Designing Schools to Be Efficient, Safe, and Cost-Effective
Across the United States, there are around 131,000 schools, housing around 48 million schoolchildren.
School buildings are huge users of energy, for heating, cooling, lighting, and computers. With energy costs high and rising, and the use of fossil fuels contributing so highly to climate change, we should seek to reduce our energy use in educational establishments.
And in the current covid world, with children now being the main demographic spreading the virus, it’s crucial to ensure that our schools are sufficiently sanitized.
Both these goals can be achieved through the design and development of smart school buildings.
What is a smart school building?
Don’t get confused between the terms ‘smart school’ and ‘smart school building’. While both use technology, the aims are different.
A smart school integrates technology into the mechanics of learning, helping to prepare students for life in the modern world of work.
A smart school building integrates technology into the building itself, to help improve energy efficiency, air quality, school safety, and hygiene. This is the realm of planning and design.
What makes a school building ‘smart’?
When designing and building school buildings, our goals should be to improve energy efficiency, safety, and comfort for students, and reduce the costs of running our schools – the lower the running costs, the more money can be spent on education.
Therefore, when designing a school building, we must consider how we can achieve these goals. This includes the materials and infrastructure elements we use (inside and outside the building itself), as well as ways in which we can use the latest and evolving technologies to enhance how we use the school.
Therefore, from the conceptual stages, we should consider what building materials we use, what technology we can employ within the school, and what other elements we can utilize.
How can we reduce energy consumption in schools?
The energy we use in schools can be reduced by smarter use of materials, by using green energy technologies, and by incorporating suitable technologies into the building.
For example, we can build schools with the latest wall insulation and solar technology. Extruded polystyrene can be used to deliver energy savings and create a more resilient building. Smart concrete enhances durability, improves aesthetics, and protects surfaces from cracking (thus reducing maintenance costs). And those solar panels – free energy.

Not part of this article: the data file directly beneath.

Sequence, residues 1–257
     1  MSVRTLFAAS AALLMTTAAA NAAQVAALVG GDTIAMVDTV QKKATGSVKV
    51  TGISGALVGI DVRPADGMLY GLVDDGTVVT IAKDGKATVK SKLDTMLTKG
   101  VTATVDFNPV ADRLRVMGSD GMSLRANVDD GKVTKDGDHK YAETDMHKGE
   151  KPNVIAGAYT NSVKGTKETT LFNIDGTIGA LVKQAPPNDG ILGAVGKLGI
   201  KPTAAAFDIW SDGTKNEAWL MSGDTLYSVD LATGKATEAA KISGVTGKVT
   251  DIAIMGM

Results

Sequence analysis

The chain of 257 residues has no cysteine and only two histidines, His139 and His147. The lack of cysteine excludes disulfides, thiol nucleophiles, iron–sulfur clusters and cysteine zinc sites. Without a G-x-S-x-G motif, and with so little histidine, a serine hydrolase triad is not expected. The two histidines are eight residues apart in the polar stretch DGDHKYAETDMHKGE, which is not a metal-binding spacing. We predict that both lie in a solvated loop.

Other ways we can reduce energy consumption include the use of sensors around a school, measuring and monitoring energy use, and adapting for the number of people in any given area of the building. We should also use energy-efficient, automated LED lighting systems that turn off when they are not needed.
The systems we use can also be integrated into a central data capture system, which can collect information from all parts of the building, and enhance performance according to patterns of occupancy, weather, and energy costs.
We should also consider external elements, such as trees to provide natural shade in the warmer months. And you don’t need to stop there. How about making school transport smarter, and working for the school – utilizing excess energy from electric-powered school buses to provide energy to the school?
How can we make schools cleaner and more hygienic?
The covid pandemic has highlighted the need to improve cleanliness and hygiene in our schools. But rather than employ an army of cleaners, technological solutions are available. UV technology can be used to provide the self-cleaning capability to handrails, and self-cleaning products can be used for often-touched places such as elevator buttons and door handles.
Data analytics – The real power behind smart school buildings
Building operation and maintenance can be vastly improved – with both efficiency and cost benefits – by using digital tools, sensors, and smart IoT devices to collect data and issue commands to heating, cooling, and lighting systems, as well as provide information on air quality, occupancy, and cleaning needs. Sanitization processes can be at least partially automated, too.
A zero-energy school: No longer an ambition, but a reality
Imagine if the education system could save as much as $6 billion each year. That’s how much we spend on utilities in our schools.
By considering the needs of our school building earlier in the design phase, zero-energy schools need no longer be fictional ambitions. Zero-energy design is a thing, promoted by initiatives such as the Zero Energy Schools Accelerator, and resources are available that demonstrate how schools can achieve zero energy and improve within conventional school construction budgets.
For more information about zero energy and smart school building design strategies, contact ACB Consulting today. Together we can deliver a brighter and more sustainable world.